The Dominican Republic produces some of the finest cigars in existence, and the Tabacalera de Garcia factory in La Romana is the largest hand-rolled cigar making enterprise in the world. It is here that, over the course of many months, brands such as Romeo y Julieta, H. Upmann, and Montecristo are painstakingly coaxed into being.
Even before you step into the factory, you detect the oily, pungent smell of tobacco leaves in the air. Indoors, it is heavy with the aroma, and the factory floor is a hive of activity. The air hums with the sound of dozens of electronic rollers shunting great stacks of leaves back and forth. Below that you hear the low murmur of voices coming from ladies who sit around long tables chatting, as their deft fingers smooth, bunch, and devein the leaves.
You learn that the factory only opened in 1971, but the manual processes lend it a much older atmosphere. If it were not for the employees’ brightly colored clothing, you might feel you had stepped back in time 100 years.
Your guide leads you through the factory as he explains the process of making top-quality hand-rolled cigars, from the initial cultivation of the leaves through to the finished product. Once picked, you learn, the leaves must be handled with great care. You visit the curing area—where men dip the leaves into liquid-filled bathtubs—and the well-ventilated drying area, where bunches of leaves hang from every inch of the ceiling and sway back and forth in the breeze.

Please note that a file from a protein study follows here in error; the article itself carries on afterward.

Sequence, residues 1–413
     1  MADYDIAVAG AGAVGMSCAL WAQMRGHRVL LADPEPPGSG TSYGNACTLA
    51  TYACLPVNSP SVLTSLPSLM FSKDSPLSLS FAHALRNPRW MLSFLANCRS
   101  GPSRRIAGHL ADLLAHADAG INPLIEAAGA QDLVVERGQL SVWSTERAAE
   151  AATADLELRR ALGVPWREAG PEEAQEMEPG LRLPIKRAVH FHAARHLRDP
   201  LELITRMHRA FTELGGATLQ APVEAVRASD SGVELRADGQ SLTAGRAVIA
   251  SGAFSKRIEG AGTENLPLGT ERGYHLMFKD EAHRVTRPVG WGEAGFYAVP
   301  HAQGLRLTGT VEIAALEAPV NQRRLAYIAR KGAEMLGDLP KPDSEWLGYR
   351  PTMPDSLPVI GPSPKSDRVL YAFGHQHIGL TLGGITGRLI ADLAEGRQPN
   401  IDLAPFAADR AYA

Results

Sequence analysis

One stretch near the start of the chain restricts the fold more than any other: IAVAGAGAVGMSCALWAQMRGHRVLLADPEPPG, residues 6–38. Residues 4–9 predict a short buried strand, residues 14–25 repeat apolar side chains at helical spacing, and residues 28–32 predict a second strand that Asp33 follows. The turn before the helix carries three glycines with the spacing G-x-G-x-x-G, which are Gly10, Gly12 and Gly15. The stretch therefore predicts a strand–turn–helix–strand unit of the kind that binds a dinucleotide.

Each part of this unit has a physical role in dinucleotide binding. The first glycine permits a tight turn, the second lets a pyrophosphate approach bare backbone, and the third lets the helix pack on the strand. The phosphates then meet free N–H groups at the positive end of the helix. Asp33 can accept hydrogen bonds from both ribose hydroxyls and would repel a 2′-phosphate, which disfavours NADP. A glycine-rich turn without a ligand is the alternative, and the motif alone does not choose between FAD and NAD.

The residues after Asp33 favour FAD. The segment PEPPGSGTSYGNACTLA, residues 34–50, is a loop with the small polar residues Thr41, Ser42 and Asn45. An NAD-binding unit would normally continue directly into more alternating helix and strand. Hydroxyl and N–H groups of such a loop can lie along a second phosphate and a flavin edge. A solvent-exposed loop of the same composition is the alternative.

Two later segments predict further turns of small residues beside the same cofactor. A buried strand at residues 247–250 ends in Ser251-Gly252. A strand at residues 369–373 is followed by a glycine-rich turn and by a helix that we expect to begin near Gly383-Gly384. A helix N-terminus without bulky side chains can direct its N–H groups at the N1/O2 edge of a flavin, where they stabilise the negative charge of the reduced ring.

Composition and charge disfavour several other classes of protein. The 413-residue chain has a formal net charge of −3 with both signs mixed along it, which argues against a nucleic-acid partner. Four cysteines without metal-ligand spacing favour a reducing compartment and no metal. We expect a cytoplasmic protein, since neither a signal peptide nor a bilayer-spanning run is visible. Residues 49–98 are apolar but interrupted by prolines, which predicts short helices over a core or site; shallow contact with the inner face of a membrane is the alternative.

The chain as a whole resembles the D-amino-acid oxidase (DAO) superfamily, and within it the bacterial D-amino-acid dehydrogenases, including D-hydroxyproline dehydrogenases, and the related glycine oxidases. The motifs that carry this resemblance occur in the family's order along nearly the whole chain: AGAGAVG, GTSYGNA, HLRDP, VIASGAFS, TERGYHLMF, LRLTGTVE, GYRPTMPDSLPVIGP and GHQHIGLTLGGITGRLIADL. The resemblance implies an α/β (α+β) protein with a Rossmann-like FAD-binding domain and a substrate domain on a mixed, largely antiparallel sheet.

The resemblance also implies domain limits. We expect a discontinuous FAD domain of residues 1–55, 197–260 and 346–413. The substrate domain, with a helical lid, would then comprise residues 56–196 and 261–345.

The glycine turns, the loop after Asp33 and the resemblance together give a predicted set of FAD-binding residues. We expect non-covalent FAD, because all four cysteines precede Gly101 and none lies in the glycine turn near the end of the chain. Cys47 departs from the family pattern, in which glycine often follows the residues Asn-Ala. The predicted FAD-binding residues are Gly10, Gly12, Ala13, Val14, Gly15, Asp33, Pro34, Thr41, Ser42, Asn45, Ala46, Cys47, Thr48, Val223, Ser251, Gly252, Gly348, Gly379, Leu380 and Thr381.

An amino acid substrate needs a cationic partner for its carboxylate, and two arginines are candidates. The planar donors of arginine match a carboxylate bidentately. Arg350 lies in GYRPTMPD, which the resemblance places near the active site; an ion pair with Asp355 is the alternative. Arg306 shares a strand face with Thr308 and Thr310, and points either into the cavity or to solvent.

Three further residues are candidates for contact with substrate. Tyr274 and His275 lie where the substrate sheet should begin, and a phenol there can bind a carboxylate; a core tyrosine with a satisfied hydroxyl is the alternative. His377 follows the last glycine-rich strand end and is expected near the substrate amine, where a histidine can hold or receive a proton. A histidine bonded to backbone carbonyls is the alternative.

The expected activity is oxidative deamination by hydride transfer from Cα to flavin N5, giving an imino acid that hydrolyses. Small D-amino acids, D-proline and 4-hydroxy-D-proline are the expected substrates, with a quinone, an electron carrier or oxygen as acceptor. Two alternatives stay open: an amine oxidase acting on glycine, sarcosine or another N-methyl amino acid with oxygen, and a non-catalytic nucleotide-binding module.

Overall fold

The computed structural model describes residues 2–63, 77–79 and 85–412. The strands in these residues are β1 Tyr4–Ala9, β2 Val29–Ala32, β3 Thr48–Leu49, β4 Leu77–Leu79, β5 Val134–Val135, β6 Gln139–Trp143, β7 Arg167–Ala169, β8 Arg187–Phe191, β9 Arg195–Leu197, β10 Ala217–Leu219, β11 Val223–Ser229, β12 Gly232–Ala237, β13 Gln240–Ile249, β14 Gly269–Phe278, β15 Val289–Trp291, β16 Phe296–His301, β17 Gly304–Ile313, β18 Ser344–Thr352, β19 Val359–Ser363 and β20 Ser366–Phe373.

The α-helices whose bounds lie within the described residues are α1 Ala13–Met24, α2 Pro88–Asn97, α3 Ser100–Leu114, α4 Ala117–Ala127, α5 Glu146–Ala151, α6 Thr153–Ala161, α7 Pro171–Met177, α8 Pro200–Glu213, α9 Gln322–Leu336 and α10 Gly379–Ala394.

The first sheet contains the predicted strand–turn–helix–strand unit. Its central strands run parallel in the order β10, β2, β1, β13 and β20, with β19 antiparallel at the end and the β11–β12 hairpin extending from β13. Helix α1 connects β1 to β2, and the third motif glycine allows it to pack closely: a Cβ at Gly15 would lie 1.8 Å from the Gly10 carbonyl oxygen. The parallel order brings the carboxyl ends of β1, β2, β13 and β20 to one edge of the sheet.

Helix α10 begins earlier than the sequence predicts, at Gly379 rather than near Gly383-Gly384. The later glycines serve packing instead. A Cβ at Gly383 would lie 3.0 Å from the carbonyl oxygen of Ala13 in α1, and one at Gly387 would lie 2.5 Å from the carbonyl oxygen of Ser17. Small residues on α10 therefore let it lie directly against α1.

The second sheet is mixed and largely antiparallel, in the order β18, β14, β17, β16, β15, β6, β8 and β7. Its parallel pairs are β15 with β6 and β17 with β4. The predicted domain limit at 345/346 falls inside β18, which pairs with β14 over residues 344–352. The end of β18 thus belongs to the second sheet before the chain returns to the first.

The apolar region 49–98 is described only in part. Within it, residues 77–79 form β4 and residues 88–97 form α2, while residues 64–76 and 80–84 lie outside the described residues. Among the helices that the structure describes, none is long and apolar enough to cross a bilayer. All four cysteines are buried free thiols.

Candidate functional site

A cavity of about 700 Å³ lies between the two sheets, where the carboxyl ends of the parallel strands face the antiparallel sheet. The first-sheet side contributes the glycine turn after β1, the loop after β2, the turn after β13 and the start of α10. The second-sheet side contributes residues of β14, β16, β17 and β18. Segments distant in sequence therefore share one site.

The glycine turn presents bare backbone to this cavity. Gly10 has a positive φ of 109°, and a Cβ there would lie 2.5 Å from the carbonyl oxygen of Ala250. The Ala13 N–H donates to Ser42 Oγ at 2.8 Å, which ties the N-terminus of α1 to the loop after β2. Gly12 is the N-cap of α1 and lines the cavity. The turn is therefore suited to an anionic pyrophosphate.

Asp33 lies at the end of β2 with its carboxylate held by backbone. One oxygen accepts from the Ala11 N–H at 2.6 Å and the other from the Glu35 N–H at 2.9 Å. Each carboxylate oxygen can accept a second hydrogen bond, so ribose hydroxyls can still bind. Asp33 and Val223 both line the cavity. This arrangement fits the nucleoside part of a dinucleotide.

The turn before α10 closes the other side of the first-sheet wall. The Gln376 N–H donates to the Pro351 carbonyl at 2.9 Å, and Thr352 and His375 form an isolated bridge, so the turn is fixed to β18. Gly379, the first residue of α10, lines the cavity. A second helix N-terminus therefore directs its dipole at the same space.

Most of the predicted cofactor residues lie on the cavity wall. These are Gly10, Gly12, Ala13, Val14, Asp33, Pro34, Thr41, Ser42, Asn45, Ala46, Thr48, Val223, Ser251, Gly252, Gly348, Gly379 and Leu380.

As you watch factory workers spreading out individual leaves, eyeing them minutely under bright spotlights and discarding those that are less than perfect, your guide explains the process of leaf classification. Further along in the process, you come across the blenders at work, selecting leaves from different trays to create just the right mix of flavors.
Perhaps most fascinating is the art of rolling the perfect cigar. The women who do this have been practicing their skill for so long that their fingers are a blur of movement, layering leaves, rolling them to just the right degree—neither too tight nor too loose—and finishing them off by wrapping them with the darkest, glossiest, and most flawless leaves. Their skill becomes even more apparent when you observe the measuring table where each cigar is held up to a giant ruler to ensure it is of a uniform length and girth, down to the millimeter.
Beyond that, you pass huge banks of perfect, finished cigars waiting to be boxed, stored and ultimately shipped around the world. You now have a whole new level of appreciation for the amount of time, level of expertise and number of people in the fine art of cigar making.